Key Message Update

Limited labor opportunities, conflict-induced displacement, and mass repatriation remain key drivers of food insecurity as lean months begin

January 2017

January 2017

Afghanistan January 2017 Food Security Projections for January

February - May 2017

Afghanistan January 2017 Food Security Projections for February to May

IPC 2.0 Acute Food Insecurity Phase

1: Minimal
2: Stressed
3: Crisis
4: Emergency
5: Famine
Would likely be at least one phase worse without current or programmed humanitarian assistance
FEWS NET classification is IPC-compatible. IPC-compatible analysis follows key IPC protocols but does not necessarily reflect the consensus of national food security partners.

IPC 2.0 Acute Food Insecurity Phase

1: Minimal
2: Stressed
3: Crisis
4: Emergency
5: Famine
Would likely be at least one phase worse without current or programmed humanitarian assistance
FEWS NET classification is IPC-compatible. IPC-compatible analysis follows key IPC protocols but does not necessarily reflect the consensus of national food security partners.

IPC 2.0 Acute Food Insecurity Phase

1: Minimal
2: Stressed
3+: Crisis or higher
Would likely be at least one phase worse without
current or programmed humanitarian assistance
FEWS NET classification is IPC-compatible. IPC-compatible analysis follows key IPC protocols but does not necessarily reflect the consensus of national food security partners.
FEWS NET Remote Monitoring countries use a colored outline to represent the highest IPC classification in areas of concern.

IPC 2.0 Acute Food Insecurity Phase

Presence countries:
1: Minimal
2: Stressed
3: Crisis
4: Emergency
5: Famine
Remote monitoring
countries:
1: Minimal
2: Stressed
3+: Crisis or higher
Would likely be at least one phase worse without
current or programmed humanitarian assistance
FEWS NET Remote Monitoring countries use a colored outline to represent the highest IPC classification in areas of concern.

Key Messages

  • Although 2016 agricultural production was generally favorable in most areas, several factors have prevented many poor and displaced households from stocking normally for the winter and lean season, including limited labor opportunities and extensive conflict which has induced displacement and restricted market access and normal livelihoods activities. Many poor and displaced households have not been able to stock normally for the winter and lean season, and are likely to face food consumption gaps until spring labor opportunities become available. Although there are households facing Crisis (IPC Phase 3) in many parts of the country, areas of greatest concern include Ghor, Hilmand, Badakhshan, Kunduz, and Nangarhar Provinces.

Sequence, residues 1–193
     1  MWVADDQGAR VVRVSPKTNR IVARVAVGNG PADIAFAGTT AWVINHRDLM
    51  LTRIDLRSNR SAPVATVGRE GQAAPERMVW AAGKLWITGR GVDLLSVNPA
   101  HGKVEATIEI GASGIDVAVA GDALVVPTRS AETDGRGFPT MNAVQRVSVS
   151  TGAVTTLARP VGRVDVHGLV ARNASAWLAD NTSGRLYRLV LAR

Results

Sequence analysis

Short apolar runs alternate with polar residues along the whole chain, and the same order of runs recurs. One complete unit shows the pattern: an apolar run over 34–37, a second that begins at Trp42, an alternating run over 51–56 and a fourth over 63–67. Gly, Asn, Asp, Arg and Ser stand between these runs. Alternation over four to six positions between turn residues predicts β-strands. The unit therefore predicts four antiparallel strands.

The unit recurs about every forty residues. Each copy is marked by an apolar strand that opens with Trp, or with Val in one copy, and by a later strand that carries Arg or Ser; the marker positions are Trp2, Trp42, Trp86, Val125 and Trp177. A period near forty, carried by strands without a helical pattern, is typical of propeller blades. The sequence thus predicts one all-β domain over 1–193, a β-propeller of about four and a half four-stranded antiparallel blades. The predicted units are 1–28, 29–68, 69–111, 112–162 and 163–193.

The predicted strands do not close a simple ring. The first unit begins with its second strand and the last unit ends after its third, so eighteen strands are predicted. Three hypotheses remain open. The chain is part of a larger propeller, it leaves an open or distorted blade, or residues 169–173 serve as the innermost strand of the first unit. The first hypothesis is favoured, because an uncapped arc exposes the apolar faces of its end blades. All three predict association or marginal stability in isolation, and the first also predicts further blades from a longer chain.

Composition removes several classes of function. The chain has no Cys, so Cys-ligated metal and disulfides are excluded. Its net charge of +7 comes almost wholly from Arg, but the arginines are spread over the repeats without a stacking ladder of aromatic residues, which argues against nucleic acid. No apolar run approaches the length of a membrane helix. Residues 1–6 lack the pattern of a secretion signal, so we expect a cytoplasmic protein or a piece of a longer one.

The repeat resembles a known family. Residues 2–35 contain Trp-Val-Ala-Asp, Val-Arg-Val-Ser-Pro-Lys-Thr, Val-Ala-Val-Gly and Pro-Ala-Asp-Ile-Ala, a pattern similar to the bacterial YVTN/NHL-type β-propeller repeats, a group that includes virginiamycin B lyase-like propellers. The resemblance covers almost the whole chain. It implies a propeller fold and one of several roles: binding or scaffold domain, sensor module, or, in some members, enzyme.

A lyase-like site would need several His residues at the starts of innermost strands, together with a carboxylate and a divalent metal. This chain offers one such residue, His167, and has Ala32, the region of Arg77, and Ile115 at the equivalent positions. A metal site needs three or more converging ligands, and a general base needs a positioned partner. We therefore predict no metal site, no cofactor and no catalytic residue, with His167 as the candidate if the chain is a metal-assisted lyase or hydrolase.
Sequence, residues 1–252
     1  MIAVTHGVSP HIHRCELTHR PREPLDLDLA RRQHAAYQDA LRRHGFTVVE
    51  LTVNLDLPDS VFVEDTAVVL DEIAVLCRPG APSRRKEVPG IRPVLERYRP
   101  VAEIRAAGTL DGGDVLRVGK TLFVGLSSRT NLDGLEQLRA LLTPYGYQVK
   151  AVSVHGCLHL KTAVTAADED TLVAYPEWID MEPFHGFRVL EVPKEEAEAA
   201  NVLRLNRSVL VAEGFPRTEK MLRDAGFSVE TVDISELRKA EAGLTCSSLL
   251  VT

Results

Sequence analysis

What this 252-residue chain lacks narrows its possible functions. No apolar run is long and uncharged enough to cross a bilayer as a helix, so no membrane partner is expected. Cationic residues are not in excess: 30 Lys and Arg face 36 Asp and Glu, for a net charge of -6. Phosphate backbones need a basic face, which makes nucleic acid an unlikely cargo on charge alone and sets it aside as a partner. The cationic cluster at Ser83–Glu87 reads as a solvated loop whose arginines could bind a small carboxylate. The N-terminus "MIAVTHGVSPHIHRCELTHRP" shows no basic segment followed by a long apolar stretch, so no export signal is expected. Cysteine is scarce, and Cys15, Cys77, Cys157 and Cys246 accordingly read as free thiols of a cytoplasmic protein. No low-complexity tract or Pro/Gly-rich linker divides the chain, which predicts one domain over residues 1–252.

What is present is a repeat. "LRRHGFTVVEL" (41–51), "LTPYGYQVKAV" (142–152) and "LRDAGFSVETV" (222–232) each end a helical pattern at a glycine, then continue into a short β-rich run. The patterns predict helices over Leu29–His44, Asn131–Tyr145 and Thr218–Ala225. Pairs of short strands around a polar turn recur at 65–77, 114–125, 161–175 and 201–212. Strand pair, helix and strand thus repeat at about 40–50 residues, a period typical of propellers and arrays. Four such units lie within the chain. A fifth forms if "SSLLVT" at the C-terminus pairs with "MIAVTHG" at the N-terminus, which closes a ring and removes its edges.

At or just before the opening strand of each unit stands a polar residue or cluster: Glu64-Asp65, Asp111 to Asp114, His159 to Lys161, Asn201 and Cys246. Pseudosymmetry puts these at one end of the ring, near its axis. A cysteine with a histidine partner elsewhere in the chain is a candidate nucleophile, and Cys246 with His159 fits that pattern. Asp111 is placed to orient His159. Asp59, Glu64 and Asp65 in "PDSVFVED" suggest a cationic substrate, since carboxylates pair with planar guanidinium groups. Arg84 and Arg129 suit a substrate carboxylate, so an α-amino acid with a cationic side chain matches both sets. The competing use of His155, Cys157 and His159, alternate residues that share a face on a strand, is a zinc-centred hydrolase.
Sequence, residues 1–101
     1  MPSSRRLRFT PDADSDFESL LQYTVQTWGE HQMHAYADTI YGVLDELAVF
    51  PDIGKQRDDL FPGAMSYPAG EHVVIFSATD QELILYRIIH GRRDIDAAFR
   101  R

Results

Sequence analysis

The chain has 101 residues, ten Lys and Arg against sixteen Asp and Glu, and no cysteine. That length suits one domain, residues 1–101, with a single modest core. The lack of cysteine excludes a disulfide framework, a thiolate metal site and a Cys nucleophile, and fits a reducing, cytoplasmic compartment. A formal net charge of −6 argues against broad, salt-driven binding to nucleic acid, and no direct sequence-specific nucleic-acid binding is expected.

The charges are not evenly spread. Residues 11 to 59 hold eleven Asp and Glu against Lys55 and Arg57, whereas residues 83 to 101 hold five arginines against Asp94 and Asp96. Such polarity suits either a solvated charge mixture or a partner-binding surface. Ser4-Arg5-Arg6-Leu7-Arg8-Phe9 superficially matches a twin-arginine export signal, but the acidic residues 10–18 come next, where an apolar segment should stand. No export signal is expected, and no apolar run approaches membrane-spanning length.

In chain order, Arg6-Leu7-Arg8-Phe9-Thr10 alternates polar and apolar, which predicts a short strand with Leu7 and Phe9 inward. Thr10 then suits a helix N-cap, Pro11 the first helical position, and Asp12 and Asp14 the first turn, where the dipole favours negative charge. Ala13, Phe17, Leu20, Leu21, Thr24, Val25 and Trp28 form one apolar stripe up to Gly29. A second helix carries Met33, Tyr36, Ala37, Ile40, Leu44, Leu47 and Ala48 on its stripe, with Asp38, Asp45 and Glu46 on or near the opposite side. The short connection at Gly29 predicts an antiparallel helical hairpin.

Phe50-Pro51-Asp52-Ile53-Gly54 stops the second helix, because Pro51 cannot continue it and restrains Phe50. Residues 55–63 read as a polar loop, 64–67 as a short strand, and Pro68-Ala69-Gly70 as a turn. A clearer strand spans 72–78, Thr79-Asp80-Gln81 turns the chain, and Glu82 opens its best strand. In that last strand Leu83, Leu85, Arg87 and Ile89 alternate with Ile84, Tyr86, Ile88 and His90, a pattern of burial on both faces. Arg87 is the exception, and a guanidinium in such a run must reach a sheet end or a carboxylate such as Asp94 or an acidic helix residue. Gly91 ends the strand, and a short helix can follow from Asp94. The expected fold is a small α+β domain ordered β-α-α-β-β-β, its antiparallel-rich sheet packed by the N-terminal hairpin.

• Precipitation during the first months of the 2016/2017 wet season (October – December) was below average throughout the country. This led to delayed planting in many areas, and in some areas farmers did not plant winter wheat due to lack of soil moisture. However, a substantial increase in precipitation throughout most of the country during the last two weeks of January has increased snowpack in all basins monitored. Water from snowmelt is likely to be sufficient for 2017 irrigated wheat production in all major production areas. Although there remains a broad spread of plausible precipitation outcomes for the remainder of the season, forecast models indicate that the most likely scenario is for average to above-average precipitation from February through April.

  • Casual labor demand for non-agricultural work has declined during the past two years, due to factors including reduced international investment and assistance, as well as the withdrawal of many ISAF forces since late 2014. In some markets monitored, wage rates have also declined. Reduced labor demand has limited income-earning opportunities for poor households, increasing their dependence on agricultural production and labor and limiting their capacity to stock adequately for the lean season.

  • In 2016, approximately 580,000 people were internally displaced by conflict. Additionally, an estimated 670,000 Afghanistan nationals who were living in Pakistan without legal documentation returned to Afghanistan. Although some of the returnees and displaced people have received assistance from humanitarian agencies, many have not accessed humanitarian assistance amidst the rapid increase in needs and continued conflict environment, and are likely facing Crisis (IPC Phase 3) outcomes as they enter the lean season, with few prospects for income generating activities prior to spring. 

About FEWS NET

The Famine Early Warning Systems Network is a leading provider of early warning and analysis on food insecurity. Created by USAID in 1985 to help decision-makers plan for humanitarian crises, FEWS NET provides evidence-based analysis on approximately 30 countries. Implementing team members include NASA, NOAA, USDA, USGS, and CHC-UCSB, along with Chemonics International Inc. and Kimetrica.
Learn more About Us.

Link to United States Agency for International Development (USAID)Link to the United States Geological Survey's (USGS) FEWS NET Data PortalLink to U.S. Department of Agriculture (USDA)
Link to National Aeronautics and Space Administration's (NASA) Earth ObservatoryLink to the National Oceanic and Atmospheric Administration's (NOAA) National Weather Service, Climage Prediction CenterLink to the Climate Hazards Center - UC Santa BarbaraLink to KimetricaLink to Chemonics